Information system security refers to the way the system is defended against unauthorized access, use, disclosure, disruption, modification, perusal, inspection, recording or destruction.
There are two major aspects of information system security −
Security of the information technology used − securing the system from malicious cyber-attacks that tend to break into the system and to access critical private information or gain control of the internal systems.
Security of data − ensuring the integrity of data when critical issues, arise such as natural disasters, computer/server malfunction, physical theft etc. Generally an off-site backup of data is kept for such problems.
Guaranteeing effective information security has the following key aspects −
Preventing the unauthorized individuals or systems from accessing the information.
Maintaining and assuring the accuracy and consistency of data over its entire life-cycle.
Ensuring that the computing systems, the security controls used to protect it and the communication channels used to access it, functioning correctly all the time, thus making information available in all situations.
Ensuring that the data, transactions, communications or documents are genuine.
Ensuring the integrity of a transaction by validating that both parties involved are genuine, by incorporating authentication features such as "digital signatures".
Ensuring that once a transaction takes place, none of the parties can deny it, either having received a transaction, or having sent a transaction. This is called 'non-repudiation'.
Safeguarding data and communications stored and shared in network systems.
Information systems bring about immense social changes, threatening the existing distributions of power, money, rights, and obligations. It also raises new kinds of crimes, like cyber-crimes.
Following organizations promote ethical issues −
The Association of Information Technology Professionals (AITP)
The Association of Computing Machinery (ACM)
The Institute of Electrical and Electronics Engineers (IEEE)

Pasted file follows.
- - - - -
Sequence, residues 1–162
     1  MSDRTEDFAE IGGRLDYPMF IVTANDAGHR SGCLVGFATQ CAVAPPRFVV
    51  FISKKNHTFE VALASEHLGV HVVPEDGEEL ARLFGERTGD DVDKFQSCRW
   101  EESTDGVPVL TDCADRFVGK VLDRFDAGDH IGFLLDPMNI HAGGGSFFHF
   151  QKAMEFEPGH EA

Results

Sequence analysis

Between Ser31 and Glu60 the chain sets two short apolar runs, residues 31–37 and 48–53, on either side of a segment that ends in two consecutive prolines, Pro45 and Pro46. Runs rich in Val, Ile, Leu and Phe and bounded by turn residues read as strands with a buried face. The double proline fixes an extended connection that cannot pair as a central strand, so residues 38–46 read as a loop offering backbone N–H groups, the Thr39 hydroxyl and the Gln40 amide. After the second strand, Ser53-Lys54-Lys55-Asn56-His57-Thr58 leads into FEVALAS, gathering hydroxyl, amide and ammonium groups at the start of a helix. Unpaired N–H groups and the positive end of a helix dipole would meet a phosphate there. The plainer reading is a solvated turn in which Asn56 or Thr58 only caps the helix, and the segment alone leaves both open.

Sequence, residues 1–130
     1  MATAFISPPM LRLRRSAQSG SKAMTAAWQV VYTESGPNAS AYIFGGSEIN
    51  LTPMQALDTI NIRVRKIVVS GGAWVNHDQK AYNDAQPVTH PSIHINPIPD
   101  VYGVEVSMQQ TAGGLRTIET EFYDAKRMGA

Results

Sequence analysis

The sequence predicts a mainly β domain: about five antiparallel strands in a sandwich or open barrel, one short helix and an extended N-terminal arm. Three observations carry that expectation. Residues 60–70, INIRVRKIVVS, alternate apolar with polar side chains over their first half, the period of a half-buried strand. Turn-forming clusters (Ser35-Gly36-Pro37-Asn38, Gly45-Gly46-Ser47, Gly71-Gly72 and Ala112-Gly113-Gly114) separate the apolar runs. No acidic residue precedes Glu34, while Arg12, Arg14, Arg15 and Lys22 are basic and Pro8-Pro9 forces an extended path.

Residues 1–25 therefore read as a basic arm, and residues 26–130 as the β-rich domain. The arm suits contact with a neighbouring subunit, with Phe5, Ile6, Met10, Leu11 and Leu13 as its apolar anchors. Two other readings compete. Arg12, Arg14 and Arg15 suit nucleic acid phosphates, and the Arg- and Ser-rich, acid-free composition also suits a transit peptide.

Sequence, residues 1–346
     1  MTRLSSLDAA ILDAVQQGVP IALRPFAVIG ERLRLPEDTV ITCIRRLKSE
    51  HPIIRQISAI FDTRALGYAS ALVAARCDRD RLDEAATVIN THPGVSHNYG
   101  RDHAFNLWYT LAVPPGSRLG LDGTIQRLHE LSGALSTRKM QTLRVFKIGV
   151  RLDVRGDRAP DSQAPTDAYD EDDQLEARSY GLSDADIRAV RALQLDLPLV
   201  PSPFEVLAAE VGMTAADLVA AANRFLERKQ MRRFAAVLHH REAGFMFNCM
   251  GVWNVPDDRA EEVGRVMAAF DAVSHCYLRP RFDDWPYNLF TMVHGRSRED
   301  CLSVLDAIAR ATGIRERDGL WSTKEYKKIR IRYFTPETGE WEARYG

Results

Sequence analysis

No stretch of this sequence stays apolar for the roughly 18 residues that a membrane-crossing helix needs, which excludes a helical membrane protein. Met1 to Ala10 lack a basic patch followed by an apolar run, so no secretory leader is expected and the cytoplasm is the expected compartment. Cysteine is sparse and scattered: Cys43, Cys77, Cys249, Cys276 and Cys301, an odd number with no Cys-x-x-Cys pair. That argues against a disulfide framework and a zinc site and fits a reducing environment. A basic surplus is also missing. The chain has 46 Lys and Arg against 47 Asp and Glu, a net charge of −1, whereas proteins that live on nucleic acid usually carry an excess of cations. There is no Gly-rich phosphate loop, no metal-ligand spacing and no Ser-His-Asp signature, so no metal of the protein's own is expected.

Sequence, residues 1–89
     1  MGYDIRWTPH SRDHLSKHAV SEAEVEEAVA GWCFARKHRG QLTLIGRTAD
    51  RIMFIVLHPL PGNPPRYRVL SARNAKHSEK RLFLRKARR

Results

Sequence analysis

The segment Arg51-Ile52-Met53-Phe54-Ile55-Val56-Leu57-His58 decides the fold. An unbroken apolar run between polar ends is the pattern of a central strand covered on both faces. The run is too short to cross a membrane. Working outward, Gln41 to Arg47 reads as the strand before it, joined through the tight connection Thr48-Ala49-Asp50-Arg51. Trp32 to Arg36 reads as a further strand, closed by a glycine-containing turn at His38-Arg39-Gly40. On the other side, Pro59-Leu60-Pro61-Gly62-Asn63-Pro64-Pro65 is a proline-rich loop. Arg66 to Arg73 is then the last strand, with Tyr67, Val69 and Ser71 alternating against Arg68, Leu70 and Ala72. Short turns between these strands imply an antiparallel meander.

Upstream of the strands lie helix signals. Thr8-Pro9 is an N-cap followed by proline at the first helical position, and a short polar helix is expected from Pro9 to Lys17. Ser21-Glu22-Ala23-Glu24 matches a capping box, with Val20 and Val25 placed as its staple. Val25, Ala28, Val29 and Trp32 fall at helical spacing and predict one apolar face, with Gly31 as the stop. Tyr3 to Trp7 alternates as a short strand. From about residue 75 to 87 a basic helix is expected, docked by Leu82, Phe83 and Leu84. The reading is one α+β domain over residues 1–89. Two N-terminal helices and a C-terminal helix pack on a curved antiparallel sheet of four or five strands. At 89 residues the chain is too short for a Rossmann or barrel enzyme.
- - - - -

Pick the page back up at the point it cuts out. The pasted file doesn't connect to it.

Computer Professionals for Social Responsibility (CPSR)
Strive to achieve the highest quality, effectiveness, and dignity in both the process and products of professional work.
Acquire and maintain professional competence.
Know and respect existing laws pertaining to professional work.
Accept and provide appropriate professional review.
Give comprehensive and thorough evaluations of computer systems and their impacts, including analysis and possible risks.
Honor contracts, agreements, and assigned responsibilities.
Improve public understanding of computing and its consequences.
Access computing and communication resources only when authorized to do so.
IEEE code of ethics demands that every professional vouch to commit themselves to the highest ethical and professional conduct and agree −
To accept responsibility in making decisions consistent with the safety, health and welfare of the public, and to disclose promptly factors that might endanger the public or the environment;
To avoid real or perceived conflicts of interest whenever possible, and to disclose them to affected parties when they do exist;
To be honest and realistic in stating claims or estimates based on available data;
To reject bribery in all its forms;
To improve the understanding of technology, its appropriate application, and potential consequences;
To maintain and improve our technical competence and to undertake technological tasks for others only if qualified by training or experience, or after full disclosure of pertinent limitations;
To seek, accept, and offer honest criticism of technical work, to acknowledge and correct errors, and to credit properly the contributions of others;
To treat fairly all persons regardless of such factors as race, religion, gender, disability, age, or national origin;
To avoid injuring others, their property, reputation, or employment by false or malicious action;
To assist colleagues and co-workers in their professional development and to support them in following this code of ethics.